Allied Medical, a Gurugram-based family run company, has been manufacturing and distributing critical-care equipment like ventilators, anesthesia machines and defibrillators for close to 40 years.
In March, after India was hit by COVID-19, there was a huge shortage of ventilators, a mechanical breathing device that can blow air and oxygen into the lungs. Ventilators are critical for those affected by lung failure — one of the major complications suffered by patients with severe COVID-19.
Estimates that time were India would need 1.1-2.2 lakh ventilators by mid-May. But only 19,398 were available in the country then. Subsequently, the government earmarked Rs 2,000 crore under the PM CARE Fund to procure some 60,000 ventilators from domestic manufacturers.
Companies like Allied jumped into action, seeing the once-in-a-lifetime opportunity. “The government sanctioned 60,000 ventilators in March. In fact, the target was 1,00,000 and the first lot was 60,000. They (government) asked people how much you can supply, and released orders with a condition that it has to be supplied before June 30,” said Aditya Kohli, Director, Sales and Marketing, Allied Medical.
Allied took an order for 350 ventilators, and delivered them well before deadline. The other, more ambitious new entrants such as Agva signed up to supply 10,000 ventilators, public sector undertaking BEL agreed to supply 30,000 and Andhra Pradesh’s MedTech Zone (AMTZ) 13,500.
The price of each supplier differs, but the average is around Rs 4-5 lakh. “We have been in the business for 40 years, but we still did not have the courage to supply tens of thousands of ventilators overnight. It isn’t something doable, given the level of quality control,” Kohli said.
Allied says it has ISO 9001 and ISO 13485 accreditations and its ventilators have European CE certification.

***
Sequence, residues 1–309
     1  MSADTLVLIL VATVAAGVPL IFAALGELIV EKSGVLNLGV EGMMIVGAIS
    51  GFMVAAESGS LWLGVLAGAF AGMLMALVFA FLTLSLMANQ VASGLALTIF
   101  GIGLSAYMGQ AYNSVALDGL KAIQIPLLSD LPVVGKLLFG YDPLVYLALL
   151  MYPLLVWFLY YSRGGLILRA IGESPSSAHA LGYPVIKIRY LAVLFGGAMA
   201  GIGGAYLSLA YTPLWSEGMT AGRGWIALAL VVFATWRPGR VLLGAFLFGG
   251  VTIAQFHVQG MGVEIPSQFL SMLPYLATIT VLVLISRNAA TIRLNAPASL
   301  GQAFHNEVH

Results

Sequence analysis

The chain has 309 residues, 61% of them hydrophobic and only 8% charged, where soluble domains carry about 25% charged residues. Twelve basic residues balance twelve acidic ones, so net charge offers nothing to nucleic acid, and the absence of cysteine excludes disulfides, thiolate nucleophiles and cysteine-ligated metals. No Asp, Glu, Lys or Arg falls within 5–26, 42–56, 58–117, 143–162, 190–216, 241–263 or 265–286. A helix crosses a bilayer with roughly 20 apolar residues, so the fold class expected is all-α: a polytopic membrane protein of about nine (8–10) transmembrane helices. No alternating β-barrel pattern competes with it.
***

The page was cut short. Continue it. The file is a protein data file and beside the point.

Nevertheless, hopes of rising demand spurred the company to increase capacity — from a few hundred ICU ventilators before March to 3,000 per month by June.
In three months, India jumped from having a capacity of just 3,300 ventilators per annum to 4 lakh. An extraordinary feat, experts agreed.
The auto industry, PSUs, defence laboratories, all joined hands to help ventilator manufacturers overcome supply issues of components and funding. Before COVID-19, ventilator makers were relying on imports of upto 80-90 percent components. It is now less than 50 percent for companies like Allied. For other companies, indigenisation is as high as 70-80 percent.
The situation changes
Then, the scenario changed. By mid-April, it was found that most patients would require only simple oxygen delivery through nose prongs, using non-invasive ventilation (NIV) or BiPAP mode. Only a small percentage will need full-blown ventilators that provide invasive ventilation.
Medical bodies recommended avoiding ventilators as much as possible for coronavirus patients.
“In hindsight, it would have been much cheaper. In March, people never knew how the disease is going to transpire, people thought ventilators are required, and then in April, people came to know that putting patients on ventilators is actually causing harm,” said Rajiv Nath, Forum Coordinator, Association of Indian Medical Device Industry (AiMeD).
“A BiPAP machine, which costs about Rs 40,000, would have been sufficient,” Nath said.
With this, the government started asking manufacturers to update ventilators with new specifications, like asking for BiPAP mode and a high-flow nasal cannula (HFNC) with a flow rate of 100 percent. Costs went up further.
Companies had already invested money and expanded capacity, anticipating demand. Kohli says his company is in a “fix” now.
In fact, according to AiMeD data, AgVa had expanded its manufacturing capacity to 60,000 units per annum; Trivitron Healthcare, 60,000 units per annum; Skanray, 120,000 units per annum, and so on.
“We have surplus capacity, but we have nowhere to go,” says Kohli. “There has been an export ban since March, and the government is not giving new orders. They argue that we have already given orders for so many ventilators. At the same time, they are not allowing states to buy directly from us,” he explains.
“The government is aware since April that there isn’t such a big need for ventilators. They should have told manufacturers that they don’t need them anymore. Many would have stopped investing in capacity expansion,” says Nath of AiMeD.
“Now, they are not lifting stocks and cash flows are stuck. The government is not in a hurry. They should at least allow companies to export,” he suggests. “There is a good export market for ventilators, especially for ones with CE-certifications. If the government doesn’t allow exports, even that potential would be gone,” Kohli said.
Meanwhile, sources told Moneycontrol that one of the leading manufacturers is contemplating filing a writ petition against the government for not opening up exports in the absence of further procurement orders. – Moneycontrol